摘自福布斯 | 2019年4月13日
在2007年收购Pride FC后，UFC仍然没有占领日本市场。 Pride FC是亚洲顶级格斗组织，但它已经不复存在。
UFC的粉丝似乎占据了日本当地格斗迷的很大一部分，但事实并不如此。 直到2012年收购Pride FC后，UFC才开始在日本举办比赛，而从那时起到现在，他们一共举办了五场比赛，2017年甚至一场也没有。在如此不稳定的表现下，留下一个坚实的足迹不是件容易的事。
“亚洲有超过40亿人口，其中20亿人在同一时区。而又有很大一部分人口来自中国，所以我们致力于开拓中国市场，”西尤堂说。 “这些年我们在中国大陆举办过多场比赛，包括北京，上海，长沙和广州。我们还举办了ONE冠军赛超级系列赛，旨在发现中国那些潜力无限的年轻格斗家们。”UFC于2017年11月在中国大陆首次亮相，时隔一年后的2018年11月才再次来到中国大陆举办了第二场比赛。而ONE冠军赛自2014年以来，在大陆举办了12场赛事，2017年以来就有6场。不得不说，ONE冠军赛的存在维系了当地格斗粉的关系。 “ONE冠军赛还签约了’熊猫’熊竞楠这样实力超群的综合格斗世界冠军。” 西尤堂表示，“由于她在ONE冠军赛所展示出来的百折不挠的勇气，让很多中国人都心生敬佩。就在最近的东京站比赛上，熊竞楠在逆境中表现出的勇气和坚韧，让她在第五回合技术性击倒对手李胜珠取得了辉煌的胜利。”以扩大中国市场为目标，ONE冠军赛分别在北京和上海设立了公司办事处。 如今UFC也在为进军中国市场做着一系列准备，建造了华丽的训练营，但即使他们在中国进行大量投资，有如此完善的设施，也只是在追赶ONE的脚步。不得不承认UFC在美国的综合格斗领域独占鳌头，但是就亚洲的格斗粉丝们来说，UFC还没有成功抓住他们的心。
Source：Forbes | Apr 13, 2019
How ONE Championship Has Beaten The UFC In Asia
When it comes to martial arts organizations, ONE Championship sits at the top of the mountain in Asia. Despite the UFC setting up offices in Asia years before ONE Championship was founded, and making plans to open a Performance Institute in China this year, the Las-Vegas-based promotion hasn’t been able to establish the same kind of footprint in the East that it has in the West.
If you’re an American mixed martial arts fan, that may not seem like a big deal, but consider this: ONE Championship holds sway in a continent with over 4 billion people. While not all Asians are fans of martial arts, there is no question the various disciplines are deeply rooted in the cultures in every country on the continent.
It’s easy to forget how populous Asia is if you’re an American. Many of us tend to forget there is an entire world out there outside of our country.
The Singapore-based ONE Championship has been able to procure significant investment capital from some of the world’s largest firms.
ONE in Asia
CREDIT: ONE CHAMPIONSHIP
When you combine the financial backing with the drive of a visionary like ONE founder Chatri Sityodtong and the natural tie-in to the product for the target audience, you have a perfect storm.
It’s no wonder ONE Championship has fared better in Asia than the UFC.
I had an opportunity to speak with Sityodtong via email, and we discussed the reasons his organization has been able to best the UFC in Asia. It was a long dialog and it was best to break it into two parts. The second part will come at a later time, but it’s fascinating to hear ONE’s determined and confident leader speak about his organization’s accomplishments, best practices, and core principles.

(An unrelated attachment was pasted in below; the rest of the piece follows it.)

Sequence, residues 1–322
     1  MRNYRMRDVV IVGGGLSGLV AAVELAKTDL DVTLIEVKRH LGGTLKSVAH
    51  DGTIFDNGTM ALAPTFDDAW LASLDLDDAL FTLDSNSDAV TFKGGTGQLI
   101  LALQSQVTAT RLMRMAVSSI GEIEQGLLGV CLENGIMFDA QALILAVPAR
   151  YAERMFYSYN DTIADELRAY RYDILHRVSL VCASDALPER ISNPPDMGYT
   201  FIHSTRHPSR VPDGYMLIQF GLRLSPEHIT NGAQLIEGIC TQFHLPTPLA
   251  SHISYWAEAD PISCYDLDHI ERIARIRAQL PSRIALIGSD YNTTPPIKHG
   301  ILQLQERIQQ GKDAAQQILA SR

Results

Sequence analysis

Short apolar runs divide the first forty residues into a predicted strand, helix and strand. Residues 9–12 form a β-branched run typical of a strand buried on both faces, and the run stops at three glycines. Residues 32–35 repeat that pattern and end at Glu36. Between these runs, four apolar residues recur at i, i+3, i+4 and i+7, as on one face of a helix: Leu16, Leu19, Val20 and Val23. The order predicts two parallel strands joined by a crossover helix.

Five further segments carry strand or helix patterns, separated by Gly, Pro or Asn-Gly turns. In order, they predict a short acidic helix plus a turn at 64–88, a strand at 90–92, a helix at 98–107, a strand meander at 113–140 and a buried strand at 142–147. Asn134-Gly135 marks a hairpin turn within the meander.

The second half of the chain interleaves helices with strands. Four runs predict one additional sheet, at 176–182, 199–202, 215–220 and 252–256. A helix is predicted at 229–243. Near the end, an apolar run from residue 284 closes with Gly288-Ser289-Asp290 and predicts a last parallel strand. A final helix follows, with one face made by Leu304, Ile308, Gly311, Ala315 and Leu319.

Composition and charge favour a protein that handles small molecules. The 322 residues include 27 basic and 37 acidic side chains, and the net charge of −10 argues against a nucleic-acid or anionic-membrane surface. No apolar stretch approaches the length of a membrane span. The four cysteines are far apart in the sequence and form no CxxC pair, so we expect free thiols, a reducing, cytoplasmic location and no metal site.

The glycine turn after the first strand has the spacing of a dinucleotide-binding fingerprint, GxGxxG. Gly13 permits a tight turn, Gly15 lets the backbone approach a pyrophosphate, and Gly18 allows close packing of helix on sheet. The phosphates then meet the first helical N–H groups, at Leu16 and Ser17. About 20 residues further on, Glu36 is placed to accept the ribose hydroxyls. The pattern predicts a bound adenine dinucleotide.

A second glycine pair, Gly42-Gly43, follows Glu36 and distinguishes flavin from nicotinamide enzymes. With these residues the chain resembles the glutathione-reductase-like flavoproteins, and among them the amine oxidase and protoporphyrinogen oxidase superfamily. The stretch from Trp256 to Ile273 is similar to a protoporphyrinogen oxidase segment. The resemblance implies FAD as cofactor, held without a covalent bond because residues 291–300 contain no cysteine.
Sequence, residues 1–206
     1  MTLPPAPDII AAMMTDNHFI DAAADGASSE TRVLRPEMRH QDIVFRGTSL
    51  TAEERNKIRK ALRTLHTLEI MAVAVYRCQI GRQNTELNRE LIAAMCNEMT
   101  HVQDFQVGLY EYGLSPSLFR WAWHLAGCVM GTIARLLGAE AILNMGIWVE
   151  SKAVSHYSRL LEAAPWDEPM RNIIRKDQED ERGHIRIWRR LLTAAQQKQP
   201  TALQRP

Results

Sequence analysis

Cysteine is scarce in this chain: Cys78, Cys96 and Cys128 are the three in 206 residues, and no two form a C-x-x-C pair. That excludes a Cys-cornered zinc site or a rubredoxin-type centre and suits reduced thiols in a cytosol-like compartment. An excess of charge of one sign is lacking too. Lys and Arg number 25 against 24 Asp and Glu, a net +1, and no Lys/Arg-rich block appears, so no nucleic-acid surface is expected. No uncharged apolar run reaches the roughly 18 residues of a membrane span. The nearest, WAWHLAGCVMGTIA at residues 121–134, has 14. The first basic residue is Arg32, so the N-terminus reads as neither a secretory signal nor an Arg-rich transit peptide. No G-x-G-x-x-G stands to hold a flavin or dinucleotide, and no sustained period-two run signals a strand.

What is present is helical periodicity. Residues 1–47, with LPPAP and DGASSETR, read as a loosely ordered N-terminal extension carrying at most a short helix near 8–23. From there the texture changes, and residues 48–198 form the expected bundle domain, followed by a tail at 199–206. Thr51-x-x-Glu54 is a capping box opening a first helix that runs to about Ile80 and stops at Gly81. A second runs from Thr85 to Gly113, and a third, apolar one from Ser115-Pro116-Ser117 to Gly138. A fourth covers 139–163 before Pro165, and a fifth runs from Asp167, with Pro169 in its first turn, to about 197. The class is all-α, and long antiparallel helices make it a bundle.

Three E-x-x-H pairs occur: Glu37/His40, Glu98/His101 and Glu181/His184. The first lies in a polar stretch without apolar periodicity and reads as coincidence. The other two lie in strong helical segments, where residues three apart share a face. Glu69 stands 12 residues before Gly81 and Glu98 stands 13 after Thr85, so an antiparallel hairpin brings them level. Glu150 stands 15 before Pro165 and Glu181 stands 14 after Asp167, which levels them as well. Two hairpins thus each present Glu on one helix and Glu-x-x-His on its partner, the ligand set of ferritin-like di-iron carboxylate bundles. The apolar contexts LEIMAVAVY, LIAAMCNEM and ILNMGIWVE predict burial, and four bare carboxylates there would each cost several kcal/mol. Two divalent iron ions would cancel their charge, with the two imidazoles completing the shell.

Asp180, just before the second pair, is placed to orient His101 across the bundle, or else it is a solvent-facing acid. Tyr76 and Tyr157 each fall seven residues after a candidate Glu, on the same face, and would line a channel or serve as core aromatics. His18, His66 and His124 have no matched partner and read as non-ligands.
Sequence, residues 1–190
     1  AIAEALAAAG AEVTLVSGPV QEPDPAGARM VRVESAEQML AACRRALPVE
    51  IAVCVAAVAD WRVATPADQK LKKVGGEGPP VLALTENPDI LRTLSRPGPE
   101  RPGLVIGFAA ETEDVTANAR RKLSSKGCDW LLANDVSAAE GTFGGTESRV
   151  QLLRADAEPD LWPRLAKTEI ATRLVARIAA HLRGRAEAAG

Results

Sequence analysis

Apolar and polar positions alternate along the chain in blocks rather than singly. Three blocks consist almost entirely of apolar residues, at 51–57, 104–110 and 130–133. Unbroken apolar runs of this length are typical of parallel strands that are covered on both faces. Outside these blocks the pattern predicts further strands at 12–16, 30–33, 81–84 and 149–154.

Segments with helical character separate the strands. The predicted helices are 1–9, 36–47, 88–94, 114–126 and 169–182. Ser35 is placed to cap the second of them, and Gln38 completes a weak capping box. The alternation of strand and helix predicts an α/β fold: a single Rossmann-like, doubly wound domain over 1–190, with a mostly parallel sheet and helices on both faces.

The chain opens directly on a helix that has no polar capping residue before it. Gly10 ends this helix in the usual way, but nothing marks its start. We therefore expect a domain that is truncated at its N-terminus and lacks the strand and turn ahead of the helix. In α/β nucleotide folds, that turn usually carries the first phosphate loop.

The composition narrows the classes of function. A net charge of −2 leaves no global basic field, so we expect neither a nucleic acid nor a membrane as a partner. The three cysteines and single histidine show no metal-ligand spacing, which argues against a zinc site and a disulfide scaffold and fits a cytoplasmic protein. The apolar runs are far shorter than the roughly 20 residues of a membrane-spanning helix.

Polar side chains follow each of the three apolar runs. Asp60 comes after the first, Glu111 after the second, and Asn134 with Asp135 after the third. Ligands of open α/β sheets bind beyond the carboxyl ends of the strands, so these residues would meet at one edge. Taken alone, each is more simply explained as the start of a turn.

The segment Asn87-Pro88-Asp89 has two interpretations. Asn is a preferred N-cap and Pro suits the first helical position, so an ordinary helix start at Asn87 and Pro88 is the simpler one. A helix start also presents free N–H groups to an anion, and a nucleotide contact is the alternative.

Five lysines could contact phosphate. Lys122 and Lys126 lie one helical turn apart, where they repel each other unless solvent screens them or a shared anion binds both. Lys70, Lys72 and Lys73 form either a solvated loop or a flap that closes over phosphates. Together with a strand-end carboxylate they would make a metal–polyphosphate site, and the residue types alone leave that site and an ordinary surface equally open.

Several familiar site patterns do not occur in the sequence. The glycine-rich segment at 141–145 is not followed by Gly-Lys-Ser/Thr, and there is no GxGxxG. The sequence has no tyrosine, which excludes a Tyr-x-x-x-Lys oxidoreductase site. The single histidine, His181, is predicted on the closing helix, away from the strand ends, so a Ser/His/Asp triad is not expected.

Catering to the Culture and Traditions of People in Asia
“Martial arts has been home to Asia for the past 5,000 years,” Sityodtong said. “There is a martial art in every Asian nation. It is part of our DNA. Our mission at ONE Championship is sacred, we want to build heroes who ignite the world with hope, strength, dreams, and inspiration.”
If you read a ONE Championship athlete profile, or any writeup introducing a competitor in an upcoming event, their country of origin and their level of mastery with their local discipline is highlighted. The Wushu backgrounds of Chinese athletes are mentioned. Burmese martial artists have references made to their Lethwei records, and more. ONE also offers more than just MMA.
There are also Muay Thai bouts as well as kickboxing. The roster has over 130 world champions from a variety of disciplines, and what’s noteworthy is that these details aren’t lost on ONE. Those accolades will be mentioned consistently.
Aside from Taekwondo, wrestling, Greco-Roman wrestling, kickboxing, Jiu-Jitsu, boxing and to a lesser degree sambo and karate, you don’t hear a lot of references to UFC athlete’s martial arts backgrounds.
When those references are made, there really is no linkage to Asian culture from a visual or verbal standpoint.
CREDIT: ONE CHAMPIONSHIP
ONE makes the effort to highlight every inch of Asian culture it can. It has worked to create a link between its product, the athletes and the fans of the countries it visits regularly. The UFC hasn’t catered its product to the Asian audience, and that could be why it hasn’t become a bigger deal on the continent.
Perhaps most important, at least according to Sityodtong, is the focus on the integrity and humility of its athletes.
“Asia’s heartbeat is very different from that of the West. We showcase the real tradition of martial arts and champion the true martial arts values of integrity, humility, honor, respect, courage, discipline, and compassion. It’s all about positivity here.”
Not every American martial arts fan loves the UFC’s style of advertising. Some fans are tired of the Conor McGregor, Colby Covington and TJ Dillashaw stories. However, it does seem the athletes with the most controversy surrounding them are the ones getting the most opportunities with the UFC, and this is largely because American MMA fans seem to gravitate to them.
While that approach has proven successful for the UFC in the United States, it hasn’t caught fire in Asia. ONE has found success in Asia as the anti-UFC while being in tune with the audience and their values.
Accentuating the Heroes of a Variety of Countries in Asia
It’s almost helpful that some of the top stars with ONE have had patches during their careers where they have slumped, and taken some losses. These moments of failure have allowed ONE to assist with the recovery and ascension of athletes like ONE Middleweight and Light Heavyweight champion Aung La N Sang and former ONE Lightweight champion Eduard Folayang. The athlete’s images and brands have been pushed. While ONE’s presence in Asia is heavy, it is working to expand to the United States as well. More locally, ONE has made sure its athletes are established as stars in their own countries.
“N Sang is an absolute megastar in his home country of Myanmar,” said Sityodtong. “The people of Myanmar recently erected a bronze statue of him to honor his career and what he has done for the country. The ceremony was attended by thousands, creating a scene that was just surreal.”
N Sang competes regularly in his native Myanmar, and Folayang does the same in The Philippines. This approach not only helps to establish stars, but it also creates a great scene at the events. The fans on hand are emotionally invested in the outcomes of the biggest matches.